affordable care act subsidis that we are talking about, under the bronze plan that we described earlier, this individual will pay from $152 to $197, the silver plan, $235 to $288 and if she wants to get the gold plan she would have to pay $327 to 362 that is on top of that deficit, of $114, that she already has. yes. and then under the 8 cso, this individual will pay $318, would actually, i am sorry, under the hcso, this individual will potentially get $318, so they will be nothing out of pocket for them. and so if we go to the second example, and a single, 48-year-old cook at a large
restaurant earning the median income of $27660, you can see the monthly income $2300, you can see that their balance sheet at the end of the month is much worse and that they actually have a pretty hi-def deficit. and you can see that it would be impossible even with the subsidies for this individual to actually be able to pay for healthcare, and then even the $422 very costly. hillary, do you want to add something? >> so the payment due under that healthcare security ordinance is the money that the company has to pay on their behalf, if there were no loophole and the employee could actually use that monday where, he or she could purchase a gold plan under the affordable care act even though there is a big deficit. >> so if you go back to the
last slide, if you look at the 48-year-old, you are talking about with the money that the employer would have to pay under the health and security ordinance that employee could buy a gold plan. >> so let's go to the next slide which is a 39-year-old couple with a young child, one parent is a median income salesperson earning about $28,000, the other is an office clerk earning about $36,000 and the monthly income is $5400 and still have a deficit as calculated in a high cost of living place like san francisco, and you can see that if that family wants to pay or buy a gold insurance plan they would have to pay as much as $746. the employer, their employers would basically contribute $565, which would allow them to buy in this case a silver plan.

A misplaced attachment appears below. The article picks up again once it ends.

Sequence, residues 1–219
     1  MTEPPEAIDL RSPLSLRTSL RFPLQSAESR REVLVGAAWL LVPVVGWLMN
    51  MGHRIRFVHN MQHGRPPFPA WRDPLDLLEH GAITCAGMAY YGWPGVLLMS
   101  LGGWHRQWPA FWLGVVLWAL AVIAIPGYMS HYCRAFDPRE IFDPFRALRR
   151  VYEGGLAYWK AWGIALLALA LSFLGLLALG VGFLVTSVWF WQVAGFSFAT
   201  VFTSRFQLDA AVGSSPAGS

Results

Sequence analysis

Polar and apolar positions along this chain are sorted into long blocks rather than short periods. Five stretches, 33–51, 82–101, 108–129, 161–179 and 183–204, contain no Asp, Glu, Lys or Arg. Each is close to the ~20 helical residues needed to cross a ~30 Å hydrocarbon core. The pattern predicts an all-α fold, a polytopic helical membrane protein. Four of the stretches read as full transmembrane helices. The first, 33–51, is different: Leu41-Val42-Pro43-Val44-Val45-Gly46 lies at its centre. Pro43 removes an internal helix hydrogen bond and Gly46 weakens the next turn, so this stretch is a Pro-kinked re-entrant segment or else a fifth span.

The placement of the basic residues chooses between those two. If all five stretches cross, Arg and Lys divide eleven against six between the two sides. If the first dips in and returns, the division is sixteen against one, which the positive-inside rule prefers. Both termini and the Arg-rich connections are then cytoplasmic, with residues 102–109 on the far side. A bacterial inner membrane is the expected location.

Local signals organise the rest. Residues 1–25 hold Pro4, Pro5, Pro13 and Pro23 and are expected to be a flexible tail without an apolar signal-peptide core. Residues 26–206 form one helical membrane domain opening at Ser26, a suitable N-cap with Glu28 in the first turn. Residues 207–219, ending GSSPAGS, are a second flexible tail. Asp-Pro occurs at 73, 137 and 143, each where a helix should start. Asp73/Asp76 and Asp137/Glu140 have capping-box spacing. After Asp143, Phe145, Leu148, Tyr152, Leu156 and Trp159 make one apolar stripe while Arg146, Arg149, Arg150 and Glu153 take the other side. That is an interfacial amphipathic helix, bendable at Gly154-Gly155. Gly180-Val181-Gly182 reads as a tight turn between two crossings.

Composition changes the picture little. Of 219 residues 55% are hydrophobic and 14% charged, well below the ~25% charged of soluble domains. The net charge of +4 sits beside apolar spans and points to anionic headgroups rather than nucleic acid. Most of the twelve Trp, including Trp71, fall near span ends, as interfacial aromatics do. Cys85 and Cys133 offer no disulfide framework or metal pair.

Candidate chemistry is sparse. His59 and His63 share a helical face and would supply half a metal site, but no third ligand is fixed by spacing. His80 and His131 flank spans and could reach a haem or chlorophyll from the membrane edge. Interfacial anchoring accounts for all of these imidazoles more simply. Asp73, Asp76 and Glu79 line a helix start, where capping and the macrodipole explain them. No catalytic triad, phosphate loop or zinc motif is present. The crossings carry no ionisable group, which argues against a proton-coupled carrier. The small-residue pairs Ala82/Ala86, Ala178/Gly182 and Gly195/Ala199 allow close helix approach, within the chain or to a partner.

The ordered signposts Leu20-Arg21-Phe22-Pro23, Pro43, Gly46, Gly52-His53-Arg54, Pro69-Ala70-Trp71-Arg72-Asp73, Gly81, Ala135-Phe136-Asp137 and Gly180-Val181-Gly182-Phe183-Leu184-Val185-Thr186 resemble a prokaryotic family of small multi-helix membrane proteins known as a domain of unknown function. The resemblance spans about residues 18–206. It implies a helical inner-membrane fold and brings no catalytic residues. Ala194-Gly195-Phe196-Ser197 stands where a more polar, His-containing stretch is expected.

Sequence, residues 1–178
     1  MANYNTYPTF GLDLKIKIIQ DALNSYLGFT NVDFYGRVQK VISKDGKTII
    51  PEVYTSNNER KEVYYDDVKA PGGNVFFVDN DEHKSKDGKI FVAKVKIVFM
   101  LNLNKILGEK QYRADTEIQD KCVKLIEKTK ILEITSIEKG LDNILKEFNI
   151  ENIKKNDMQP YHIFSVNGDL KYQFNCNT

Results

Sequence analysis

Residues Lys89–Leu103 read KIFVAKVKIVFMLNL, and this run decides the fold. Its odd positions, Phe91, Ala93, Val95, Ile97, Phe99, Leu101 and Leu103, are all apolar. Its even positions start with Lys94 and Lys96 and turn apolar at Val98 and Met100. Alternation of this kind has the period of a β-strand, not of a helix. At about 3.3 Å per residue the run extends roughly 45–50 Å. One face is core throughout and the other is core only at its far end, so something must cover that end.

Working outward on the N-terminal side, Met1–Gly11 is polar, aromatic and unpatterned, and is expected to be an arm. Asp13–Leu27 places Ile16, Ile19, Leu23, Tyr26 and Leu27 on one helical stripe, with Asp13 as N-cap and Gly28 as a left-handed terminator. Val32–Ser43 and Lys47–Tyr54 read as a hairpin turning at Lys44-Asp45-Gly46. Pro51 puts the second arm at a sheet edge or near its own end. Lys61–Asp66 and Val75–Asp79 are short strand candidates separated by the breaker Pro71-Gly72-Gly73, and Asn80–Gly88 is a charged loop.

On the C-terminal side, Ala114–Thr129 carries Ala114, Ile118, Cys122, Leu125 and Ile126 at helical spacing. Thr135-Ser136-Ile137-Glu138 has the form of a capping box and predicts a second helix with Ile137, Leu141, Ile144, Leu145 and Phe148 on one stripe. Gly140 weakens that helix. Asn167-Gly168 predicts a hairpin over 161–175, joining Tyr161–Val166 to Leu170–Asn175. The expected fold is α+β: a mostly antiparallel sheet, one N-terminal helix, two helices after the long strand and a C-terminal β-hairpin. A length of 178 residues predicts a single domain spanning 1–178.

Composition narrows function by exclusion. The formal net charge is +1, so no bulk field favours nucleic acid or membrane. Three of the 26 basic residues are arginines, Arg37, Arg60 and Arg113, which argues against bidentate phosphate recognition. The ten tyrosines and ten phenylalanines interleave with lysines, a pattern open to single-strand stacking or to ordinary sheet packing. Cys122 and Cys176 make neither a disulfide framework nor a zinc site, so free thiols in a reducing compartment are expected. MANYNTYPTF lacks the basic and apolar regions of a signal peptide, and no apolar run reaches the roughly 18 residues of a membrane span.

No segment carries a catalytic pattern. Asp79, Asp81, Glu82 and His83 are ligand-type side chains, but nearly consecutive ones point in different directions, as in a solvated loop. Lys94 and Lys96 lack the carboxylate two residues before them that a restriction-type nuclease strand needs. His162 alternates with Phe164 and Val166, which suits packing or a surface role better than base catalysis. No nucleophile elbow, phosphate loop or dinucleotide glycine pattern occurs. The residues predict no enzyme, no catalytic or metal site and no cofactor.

so, i wanted to just provide some context because i think that it is important to really get some information about the economic reality, that is out there, that is facing so many familis in san francisco that there was actually a report that showed that in high cost of living cities like san francisco, as many as 40 percent of the individuals who are qualified, to participate in the affordable care act. and will not be able to do so, simply because they cannot afford it even with the subsidies and the thing about the subsidies is that the subsidies are the same, regardless of where you live in the country and you can see that $200 in san francisco, is not going to go as far as $200 in other parts of the country, and not only that but the insurance costs are based on zip code, and so the cost in a zip code in san francisco would be much higher than in other places. luckily in san francisco, we
have the health and security ordinance, which is a brilliant law that was authored by tom amiano and with the help with so many people in this room that created an employer spending requirement that mandates that the businesses with 20 employees or more must spend the money toward employee healthcare, and the ordinance is helping thousands of san francisco workers gain meaningful access to health insurance, however in the reason that we are here is that there continues to be a loophole in this ordinance that has for the last number of years prevented more than 26,000 workers from using money that is required to be paid under the employers spending requirement, for the purpose of buying insurance. and these are the workers whose employers meet their spending requirement, through the use of what are called the health reimbursement accounts and while in the past, many of
these workers, 26,000-plus have used money and health reimbursement accounts to purchase the insurance, the affordable care act has made it impossible to them to use money in these accounts for these purchases, this loophole has always been a problem as far as i am concerned. and it has only gotten bigger because of that some businesses
will suffer, a financial impact once this loophole is closed the fact that they have been able to use tens of millions of dollars that they were not supposed to be using to begin with remains a problem. and the reality is that we are talking about over the last few years, tens of millions of dollars, that were never intended for the purpose of being pocketed back that were in fact pocketed back. you may hear from some businesses that we should not act right now, because they are